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BellaOnline's Missing and Exploited Children Editor

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GPS Monitoring of Offenders


You may have heard about the Global Positioning System also known as GPS which uses satellite technology to locate you when you use a GPS in your car to navigate around town. Did you also know every cell phone sold in today’s market contains a built in GPS that can be used by the Emergency Medical System to locate a caller who cannot or will not identify their location when he or she dials 911 from a cell phone. Yet, what you may not realize is 22 states had passed some form of legislation that has allowed for GPS to be used to monitor sex offenders since the year 2006.

Currently only six states have passed legislation that allows for lifetime GPS monitoring for certain high risk sex offenders. The words Global Positioning System brings forth visions of spies like James Bond. Yet, the technology although may seem mysterious and advanced is not fail safe and actually has many down falls not previously considered when law enforcement first began using the technology to monitor convicted sex offenders.

In short GPS monitoring is great when it works properly to get you from one place to the next but when it fails to monitor a sex offender properly nothing can justify the end result. Sex offenders are unpredictable and that is why GPS may not be the best choice when it comes to monitoring them outside of jail or prison. Quite frankly this writer believes the risks involved in using GPS to monitor high risk sex offenders can never outweigh the disastrous results when GPS monitoring fails our children.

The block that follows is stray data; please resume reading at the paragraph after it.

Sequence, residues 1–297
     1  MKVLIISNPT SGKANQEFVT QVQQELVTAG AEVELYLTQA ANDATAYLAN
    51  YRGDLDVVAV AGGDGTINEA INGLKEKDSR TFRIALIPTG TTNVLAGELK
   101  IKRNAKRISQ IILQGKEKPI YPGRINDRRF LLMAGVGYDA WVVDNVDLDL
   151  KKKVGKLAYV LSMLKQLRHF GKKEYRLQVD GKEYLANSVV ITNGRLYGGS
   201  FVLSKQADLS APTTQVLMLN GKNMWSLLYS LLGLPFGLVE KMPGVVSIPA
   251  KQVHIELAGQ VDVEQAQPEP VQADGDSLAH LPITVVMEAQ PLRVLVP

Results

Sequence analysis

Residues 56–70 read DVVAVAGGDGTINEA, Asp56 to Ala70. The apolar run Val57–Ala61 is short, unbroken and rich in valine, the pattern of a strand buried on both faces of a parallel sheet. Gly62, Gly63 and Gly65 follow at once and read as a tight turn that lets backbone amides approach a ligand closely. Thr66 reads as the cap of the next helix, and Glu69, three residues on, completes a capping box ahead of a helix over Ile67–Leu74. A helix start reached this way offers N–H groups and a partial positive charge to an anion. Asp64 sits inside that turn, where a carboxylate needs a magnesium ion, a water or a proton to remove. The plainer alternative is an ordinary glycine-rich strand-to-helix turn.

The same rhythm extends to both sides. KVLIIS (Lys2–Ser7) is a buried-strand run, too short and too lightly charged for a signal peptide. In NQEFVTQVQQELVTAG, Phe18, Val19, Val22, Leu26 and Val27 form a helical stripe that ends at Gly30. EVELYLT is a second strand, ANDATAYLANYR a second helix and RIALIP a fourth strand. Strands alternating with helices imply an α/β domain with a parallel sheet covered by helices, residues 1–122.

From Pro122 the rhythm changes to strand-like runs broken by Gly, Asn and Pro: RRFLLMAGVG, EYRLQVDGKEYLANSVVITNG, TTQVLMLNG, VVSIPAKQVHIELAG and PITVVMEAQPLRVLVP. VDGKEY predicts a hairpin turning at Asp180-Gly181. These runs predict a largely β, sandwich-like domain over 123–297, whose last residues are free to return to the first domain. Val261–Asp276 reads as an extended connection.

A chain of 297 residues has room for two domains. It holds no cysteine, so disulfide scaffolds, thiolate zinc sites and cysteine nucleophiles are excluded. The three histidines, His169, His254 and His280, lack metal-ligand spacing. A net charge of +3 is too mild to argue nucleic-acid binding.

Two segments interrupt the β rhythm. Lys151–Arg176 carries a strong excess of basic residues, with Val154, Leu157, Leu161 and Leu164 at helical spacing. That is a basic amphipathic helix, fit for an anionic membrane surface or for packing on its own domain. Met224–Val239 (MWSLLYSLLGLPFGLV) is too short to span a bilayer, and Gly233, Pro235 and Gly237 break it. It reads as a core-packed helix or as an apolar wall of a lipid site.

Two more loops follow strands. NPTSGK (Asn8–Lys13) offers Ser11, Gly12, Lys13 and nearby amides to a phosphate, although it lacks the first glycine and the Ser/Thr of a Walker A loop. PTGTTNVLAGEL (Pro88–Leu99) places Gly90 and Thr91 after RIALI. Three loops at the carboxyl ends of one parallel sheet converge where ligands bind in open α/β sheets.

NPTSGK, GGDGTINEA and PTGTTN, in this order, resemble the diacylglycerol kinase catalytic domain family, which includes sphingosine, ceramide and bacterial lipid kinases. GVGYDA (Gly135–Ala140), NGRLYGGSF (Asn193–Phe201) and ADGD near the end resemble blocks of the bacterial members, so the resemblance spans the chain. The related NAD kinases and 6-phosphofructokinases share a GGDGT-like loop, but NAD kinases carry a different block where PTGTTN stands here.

Consider the case of Phillip Garrido a convicted sex offender that has been required to wear a GPS ankle bracelet since 1999 when the state of California began monitoring him. Requirements of his parole included: registering as a sex offender, physical appointments with his parole officer 2-3 times each month, randomized drug and alcohol tests and GPS monitoring through an ankle bracelet. In addition authorities were required to make surprise or unannounced visits to Phillip Garrido’s home.

Phillip Garrido had been convicted in both state and federal courts with kidnapping and raping a 25 year old woman in 1977. Although Phillip Garrido was sentenced to serve 50 years in a federal prison and 5 years in a state prison, he served less than 13 years before being paroled despite a previous rape charge in 1971 which was dismissed when the 14 year old girl he was accused of raping would not testify.

On June 10, 1991 blonde haired blue eyed Jaycee Dugard was kidnapped from her bus stop. She was eleven years old when she disappeared, and Jaycee Dugard would remain missing for 18 years until she was found with her two children ages 11 and 15, both girls. The three were living in the backyard of Phillip and Nancy Garrido's home. Both of the Garrido's have both been arrested and charged in the kidnapping of Jaycee Dugard.

For 18 years no one noticed anything out of the ordinary. Yet, since 1999 Phillip Garrido was monitored by GPS and was susceptible to surprise home visits, which may not have been conducted. There is an investigation regarding how the state of California handled the monitoring of convicted sex offender Phillip Garrido. What people need to know is that GPS monitoring is not a failsafe system, especially when it comes to monitoring sex offenders.

Incarceration (or death) is the only sure way to guarantee a sex offender does not offend again, yet when asked people admit they feel safer knowing sex offenders are monitored by using GPS, and although Global Positioning Systems makes people feel safe it should not. In reality GPS monitoring provides the public with a false sense of security and it should instead scare the living daylights out of ordinary people. This is one of a series of articles planned involving the downfalls of using GPS to monitoring of sex offenders.
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Content copyright © 2014 by Erika Lyn Smith. All rights reserved.
This content was written by Erika Lyn Smith. If you wish to use this content in any manner, you need written permission. Contact Erika Lyn Smith for details.

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